Michael Sneed | Influence 100

Michael Sneed 

Worldwide VP, Global Corporate Affairs & Chief Communication Officer 
Johnson & Johnson



No company in America has a tradition of public relations excellence to match pharmaceutical giant Johnson & Johnson, which to this day is revered for its textbook crisis response to the Tylenol tragedy and a values-based credo that has always elevated stakeholder relations to a key function at the company.

Michael Sneed now has primary responsibility for the company’s global marketing, communication, design and philanthropy functions, taking on the role in 2012, at a time when the company was recovering from a series of product recalls and other hits to its reputation. In the years since, he has dealt with a number of crises — most recently, allegations about the company’s role in the opioid crisis. More recently, he has been a leading voice on the impact of the Covid-19 pandemic on Black America, joining a panel discussion held by the Congressional Black Caucus Foundation on the “double pandemic” that impacts African-American communities. 

Sneed joined Johnson & Johnson in 1983 as a marketing assistant for its personal products business and moved to McNeil Consumer Products, where he served as vice president, worldwide consumer pharmaceuticals. He then relocated to Europe as managing director of McNeil Consumer Nutritionals, before returning to the US as president of McNeil Nutritionals Worldwide. In 2007, he moved to J&J’s medical device and diagnostic sector as company group chairman before assuming responsibility for J&J’s brand and reputation.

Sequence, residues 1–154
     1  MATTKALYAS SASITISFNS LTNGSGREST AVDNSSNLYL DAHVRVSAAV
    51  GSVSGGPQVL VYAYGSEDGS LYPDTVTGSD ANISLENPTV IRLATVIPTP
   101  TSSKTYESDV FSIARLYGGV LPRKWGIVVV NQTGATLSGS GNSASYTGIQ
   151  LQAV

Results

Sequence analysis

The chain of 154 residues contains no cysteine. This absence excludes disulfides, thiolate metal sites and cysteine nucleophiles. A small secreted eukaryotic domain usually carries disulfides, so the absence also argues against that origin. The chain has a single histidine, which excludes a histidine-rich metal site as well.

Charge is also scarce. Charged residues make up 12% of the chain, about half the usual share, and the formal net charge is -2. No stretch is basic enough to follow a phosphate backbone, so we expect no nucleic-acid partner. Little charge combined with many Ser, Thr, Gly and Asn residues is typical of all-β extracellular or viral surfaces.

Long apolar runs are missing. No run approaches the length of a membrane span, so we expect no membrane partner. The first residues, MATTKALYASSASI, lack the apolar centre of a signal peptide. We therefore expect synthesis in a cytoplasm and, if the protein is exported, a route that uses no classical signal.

What are the comms industry's biggest challenges and opportunities in the year ahead?
Continue to show the value of communications in a post Covid-19 world, when it comes to changing the way we work and how to best navigate.

What have you most admired about this industry in 2020?
The central role that communications have played in showing the role of companies acting in the best interests of their stakeholders during the pandemic.

What has most disappointed you about this industry in 2020?
Little progress on great gender and racial diversity.

How have you switched off from work and maintained wellness in lockdown?
Lots more exercise. Frequent breaks. Zoom calls of no more than 30 minutes at a time.

Which book/movie/TV show/podcast/playlist/other cultural source has helped you get through this year or provided inspiration?
A Netflix show called Never have I Ever, narrated by John McEnroe, about a young Indian teenager. Very clever and a good respite away from the challenge of the moment.

If I wasn't working in marketing/communications, I would be...
In politics.

Sum up 2020 in one word.